Cervical Cancer Awareness Month: A Disease of Inequity

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Cervical Cancer Awareness Month: A Disease of Inequity

As mentioned in a blog post earlier this month, 300,000 women pass away each year globally from cervical cancer. And while we have the technical and medical tools necessary to eliminate the disease, cervical cancer ranks fourth among the most common forms of cancer for women in the world. It truly is a disease of inequity; in 2018, nearly 80% of those deaths took place in low-and middle-income countries. Sadly, the continuation of cervical cancer shows just how much inequality there is in terms of women’s healthcare. Yet, the underlying issue continues to be the lack of resources and access to affordable care in underdeveloped countries.

When trying to understand the disparity in care between developed- and under-developed countries, social inequalities such as poverty, geography, and education play a large role. In many low-income countries, there is either limited access to private hospitals that have the necessary equipment, or public clinics simply do not have the equipment. And, even in higher-income countries around the world, women living in low-income situations or rural areas struggle to find the proper care they need.

Photo by CDC on Unsplash

Due to the work of The World Health Organization (WHO), in 2019 a global strategy was put in place to provide necessary resources to under-served countries, with the goal to eliminate cervical cancer worldwide by 2030.

WHO’s Global Call to Action

In May of 2018, Dr. Tedros Adhanom Ghebreyesus, Director-General of the WHO, announced a global call-to-action towards eliminating cervical cancer as a public health problem around the world. By January 2019, working closely with many member states, UN agencies, and other partners, a global strategy was unveiled, outlining key goals and targets to end the disease. In this strategy, Dr. Ghebreyesus proposed that to eliminate cervical cancer, all countries must reach and maintain a threshold of at least four cases per 100,000 women.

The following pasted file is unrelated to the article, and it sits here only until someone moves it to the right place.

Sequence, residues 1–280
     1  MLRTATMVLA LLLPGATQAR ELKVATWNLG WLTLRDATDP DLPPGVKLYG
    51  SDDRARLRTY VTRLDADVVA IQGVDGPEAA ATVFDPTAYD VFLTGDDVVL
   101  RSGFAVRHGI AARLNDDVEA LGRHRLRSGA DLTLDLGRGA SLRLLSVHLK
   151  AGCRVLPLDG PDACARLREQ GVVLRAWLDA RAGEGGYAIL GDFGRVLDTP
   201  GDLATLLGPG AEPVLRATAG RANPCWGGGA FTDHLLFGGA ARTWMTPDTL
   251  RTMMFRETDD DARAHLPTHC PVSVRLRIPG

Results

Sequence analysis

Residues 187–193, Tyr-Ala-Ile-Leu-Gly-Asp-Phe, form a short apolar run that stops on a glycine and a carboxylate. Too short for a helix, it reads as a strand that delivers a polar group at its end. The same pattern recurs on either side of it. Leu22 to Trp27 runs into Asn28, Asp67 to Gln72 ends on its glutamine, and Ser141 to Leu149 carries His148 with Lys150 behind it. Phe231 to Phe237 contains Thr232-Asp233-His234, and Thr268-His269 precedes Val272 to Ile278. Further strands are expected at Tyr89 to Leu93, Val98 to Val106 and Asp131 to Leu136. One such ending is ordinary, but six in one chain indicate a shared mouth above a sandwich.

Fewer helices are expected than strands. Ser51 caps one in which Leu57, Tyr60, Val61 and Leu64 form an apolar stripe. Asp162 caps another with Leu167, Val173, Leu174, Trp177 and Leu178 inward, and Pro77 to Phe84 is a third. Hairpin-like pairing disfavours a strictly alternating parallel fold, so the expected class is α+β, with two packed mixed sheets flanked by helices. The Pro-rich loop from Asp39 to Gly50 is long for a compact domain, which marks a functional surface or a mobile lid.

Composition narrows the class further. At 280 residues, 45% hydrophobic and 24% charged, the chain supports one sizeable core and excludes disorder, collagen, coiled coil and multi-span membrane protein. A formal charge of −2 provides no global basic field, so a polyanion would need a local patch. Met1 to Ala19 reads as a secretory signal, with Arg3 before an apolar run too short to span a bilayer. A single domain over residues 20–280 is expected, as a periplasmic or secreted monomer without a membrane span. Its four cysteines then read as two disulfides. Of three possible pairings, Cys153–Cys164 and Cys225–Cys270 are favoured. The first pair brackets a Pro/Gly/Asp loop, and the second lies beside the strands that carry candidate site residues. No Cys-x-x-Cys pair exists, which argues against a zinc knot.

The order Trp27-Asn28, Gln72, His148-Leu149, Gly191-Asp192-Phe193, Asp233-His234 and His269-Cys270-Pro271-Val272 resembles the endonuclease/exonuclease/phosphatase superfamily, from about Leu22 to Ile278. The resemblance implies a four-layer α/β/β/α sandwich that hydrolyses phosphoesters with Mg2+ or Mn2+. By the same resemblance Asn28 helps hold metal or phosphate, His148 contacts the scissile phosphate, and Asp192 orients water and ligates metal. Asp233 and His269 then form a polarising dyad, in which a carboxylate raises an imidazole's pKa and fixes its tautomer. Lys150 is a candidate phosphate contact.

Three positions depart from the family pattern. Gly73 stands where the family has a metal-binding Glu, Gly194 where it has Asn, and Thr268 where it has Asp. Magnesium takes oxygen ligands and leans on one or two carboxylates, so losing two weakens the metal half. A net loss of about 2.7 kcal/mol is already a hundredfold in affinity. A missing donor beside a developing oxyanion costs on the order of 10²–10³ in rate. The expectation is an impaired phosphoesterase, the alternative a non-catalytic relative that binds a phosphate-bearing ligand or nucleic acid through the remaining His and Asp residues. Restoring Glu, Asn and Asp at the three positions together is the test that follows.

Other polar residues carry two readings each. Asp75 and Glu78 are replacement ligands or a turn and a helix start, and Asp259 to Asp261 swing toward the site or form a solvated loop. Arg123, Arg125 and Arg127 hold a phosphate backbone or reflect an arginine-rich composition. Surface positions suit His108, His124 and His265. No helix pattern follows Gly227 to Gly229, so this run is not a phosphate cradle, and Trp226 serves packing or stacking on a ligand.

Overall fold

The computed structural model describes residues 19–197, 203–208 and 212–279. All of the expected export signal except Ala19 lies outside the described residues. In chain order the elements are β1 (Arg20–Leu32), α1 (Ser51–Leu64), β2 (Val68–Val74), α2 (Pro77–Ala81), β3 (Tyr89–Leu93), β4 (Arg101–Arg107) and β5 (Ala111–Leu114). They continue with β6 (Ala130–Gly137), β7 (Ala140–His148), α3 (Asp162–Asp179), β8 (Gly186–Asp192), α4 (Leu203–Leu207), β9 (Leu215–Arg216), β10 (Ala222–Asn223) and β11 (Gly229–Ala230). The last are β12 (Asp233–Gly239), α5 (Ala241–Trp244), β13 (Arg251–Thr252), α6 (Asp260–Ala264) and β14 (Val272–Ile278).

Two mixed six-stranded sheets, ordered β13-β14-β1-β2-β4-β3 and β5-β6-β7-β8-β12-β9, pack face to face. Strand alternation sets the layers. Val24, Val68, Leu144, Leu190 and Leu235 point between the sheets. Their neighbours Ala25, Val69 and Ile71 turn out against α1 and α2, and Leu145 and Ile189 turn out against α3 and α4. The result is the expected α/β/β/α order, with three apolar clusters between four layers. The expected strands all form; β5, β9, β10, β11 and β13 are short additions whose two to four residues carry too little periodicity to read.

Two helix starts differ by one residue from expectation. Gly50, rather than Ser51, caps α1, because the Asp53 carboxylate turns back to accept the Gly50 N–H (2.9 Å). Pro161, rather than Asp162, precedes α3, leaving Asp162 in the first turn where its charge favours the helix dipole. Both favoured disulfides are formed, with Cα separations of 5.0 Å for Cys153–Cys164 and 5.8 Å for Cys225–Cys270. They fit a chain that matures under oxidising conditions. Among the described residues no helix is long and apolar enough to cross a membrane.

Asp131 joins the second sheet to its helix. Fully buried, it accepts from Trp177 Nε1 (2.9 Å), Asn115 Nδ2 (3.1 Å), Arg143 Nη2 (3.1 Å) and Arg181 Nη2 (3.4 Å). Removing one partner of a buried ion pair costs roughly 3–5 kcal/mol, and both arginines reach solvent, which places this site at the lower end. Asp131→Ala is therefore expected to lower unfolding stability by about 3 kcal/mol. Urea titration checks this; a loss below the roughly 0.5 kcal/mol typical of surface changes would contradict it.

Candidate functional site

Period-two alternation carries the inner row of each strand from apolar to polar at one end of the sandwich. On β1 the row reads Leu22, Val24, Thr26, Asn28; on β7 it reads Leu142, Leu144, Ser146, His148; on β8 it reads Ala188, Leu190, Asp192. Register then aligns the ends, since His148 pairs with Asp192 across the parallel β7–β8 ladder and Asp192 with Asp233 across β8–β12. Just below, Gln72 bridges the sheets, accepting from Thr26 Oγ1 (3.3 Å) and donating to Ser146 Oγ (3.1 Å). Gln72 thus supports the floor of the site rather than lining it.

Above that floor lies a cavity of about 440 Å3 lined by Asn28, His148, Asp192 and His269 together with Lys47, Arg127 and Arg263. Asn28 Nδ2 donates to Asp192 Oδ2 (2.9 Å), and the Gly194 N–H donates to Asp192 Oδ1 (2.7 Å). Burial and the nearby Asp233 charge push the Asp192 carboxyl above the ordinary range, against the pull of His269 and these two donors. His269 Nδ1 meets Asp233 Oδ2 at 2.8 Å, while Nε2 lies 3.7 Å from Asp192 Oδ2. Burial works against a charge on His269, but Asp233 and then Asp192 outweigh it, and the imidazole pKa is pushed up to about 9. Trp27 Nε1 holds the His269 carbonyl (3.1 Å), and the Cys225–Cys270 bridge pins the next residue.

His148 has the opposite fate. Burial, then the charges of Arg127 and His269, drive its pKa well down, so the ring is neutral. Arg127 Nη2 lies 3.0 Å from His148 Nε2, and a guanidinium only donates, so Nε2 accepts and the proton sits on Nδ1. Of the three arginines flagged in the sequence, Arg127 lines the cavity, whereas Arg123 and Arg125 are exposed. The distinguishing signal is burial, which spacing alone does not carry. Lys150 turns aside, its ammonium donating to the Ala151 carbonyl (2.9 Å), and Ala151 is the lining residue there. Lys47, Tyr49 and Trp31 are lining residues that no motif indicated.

To reach this goal, Dr. Ghebreyesus stated that there are three key “pillars” that must be met: vaccination, screening, and treatment. For vaccination to be deemed a success by 2030, 90% or more of girls need to be fully vaccinated with the HPV vaccine by age 15. Furthermore, at least 70% of women must be screened with a high-performance test by age 35, with another test administered by age 45. Lastly, it is important that 90% of women identified with cervical cancer receive treatment (to be clear, that is 90% of women identified with pre-cancer treated, as well as 90% of women with invasive cancer).

Closing the Inequity Gap

Despite all of the work done by the WHO, there is still much that needs to be done to truly prevent cervical cancer around the world. Providing HPV vaccinations to girls before age 15, and continual screening and treatment for woman between 35-45 is just the tip of the iceberg. And, while cervical cancer rates have fallen in most developed-countries around the world, infection rates in under-developed countries have either risen, or remain the same.

Cervical cancer awareness doesn’t stop after January. It is imperative that we continue to safeguard the wellbeing of women, especially those in low- and middle-income countries. It is not uncommon that cervical cancer takes the lives of women in the prime of their existence. To truly close the inequality gap, we must continue to fight for women’s healthcare rights and provide necessary treatment to those in need. To schedule a screening or physical with your primary care provider, visit the patient portal, or call our office.

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